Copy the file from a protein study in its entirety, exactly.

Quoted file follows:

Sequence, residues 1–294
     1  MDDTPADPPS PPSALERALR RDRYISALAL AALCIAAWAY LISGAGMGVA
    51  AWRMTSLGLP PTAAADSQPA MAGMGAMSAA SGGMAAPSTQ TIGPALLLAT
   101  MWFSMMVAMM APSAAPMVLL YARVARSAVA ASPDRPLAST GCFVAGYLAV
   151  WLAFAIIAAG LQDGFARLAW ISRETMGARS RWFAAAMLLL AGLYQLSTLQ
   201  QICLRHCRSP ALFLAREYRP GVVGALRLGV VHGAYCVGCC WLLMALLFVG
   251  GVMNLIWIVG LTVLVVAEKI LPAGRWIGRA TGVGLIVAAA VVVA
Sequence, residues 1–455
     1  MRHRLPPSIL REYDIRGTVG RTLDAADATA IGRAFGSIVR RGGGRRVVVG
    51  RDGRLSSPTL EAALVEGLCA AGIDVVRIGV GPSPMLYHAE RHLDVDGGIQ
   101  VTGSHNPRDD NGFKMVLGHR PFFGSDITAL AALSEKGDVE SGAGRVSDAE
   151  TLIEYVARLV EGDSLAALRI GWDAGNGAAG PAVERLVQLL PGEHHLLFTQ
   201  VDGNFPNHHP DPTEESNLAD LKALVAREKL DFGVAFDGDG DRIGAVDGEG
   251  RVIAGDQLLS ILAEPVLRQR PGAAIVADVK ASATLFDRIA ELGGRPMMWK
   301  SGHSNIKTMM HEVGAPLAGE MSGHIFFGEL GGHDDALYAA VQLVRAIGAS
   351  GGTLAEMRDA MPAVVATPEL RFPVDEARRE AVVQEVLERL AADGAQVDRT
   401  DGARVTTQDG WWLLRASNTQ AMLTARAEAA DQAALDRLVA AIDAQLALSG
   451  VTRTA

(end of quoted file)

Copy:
Sequence, residues 1–294
     1  MDDTPADPPS PPSALERALR RDRYISALAL AALCIAAWAY LISGAGMGVA
    51  AWRMTSLGLP PTAAADSQPA MAGMGAMSAA SGGMAAPSTQ TIGPALLLAT
   101  MWFSMMVAMM APSAAPMVLL YARVARSAVA ASPDRPLAST GCFVAGYLAV
   151  WLAFAIIAAG LQDGFARLAW ISRETMGARS RWFAAAMLLL AGLYQLSTLQ
   201  QICLRHCRSP ALFLAREYRP GVVGALRLGV VHGAYCVGCC WLLMALLFVG
   251  GVMNLIWIVG LTVLVVAEKI LPAGRWIGRA TGVGLIVAAA VVVA
Sequence, residues 1–455
     1  MRHRLPPSIL REYDIRGTVG RTLDAADATA IGRAFGSIVR RGGGRRVVVG
    51  RDGRLSSPTL EAALVEGLCA AGIDVVRIGV GPSPMLYHAE RHLDVDGGIQ
   101  VTGSHNPRDD NGFKMVLGHR PFFGSDITAL AALSEKGDVE SGAGRVSDAE
   151  TLIEYVARLV EGDSLAALRI GWDAGNGAAG PAVERLVQLL PGEHHLLFTQ
   201  VDGNFPNHHP DPTEESNLAD LKALVAREKL DFGVAFDGDG DRIGAVDGEG
   251  RVIAGDQLLS ILAEPVLRQR PGAAIVADVK ASATLFDRIA ELGGRPMMWK
   301  SGHSNIKTMM HEVGAPLAGE MSGHIFFGEL GGHDDALYAA VQLVRAIGAS
   351  GGTLAEMRDA MPAVVATPEL RFPVDEARRE AVVQEVLERL AADGAQVDRT
   401  DGARVTTQDG WWLLRASNTQ AMLTARAEAA DQAALDRLVA AIDAQLALSG
   451  VTRTA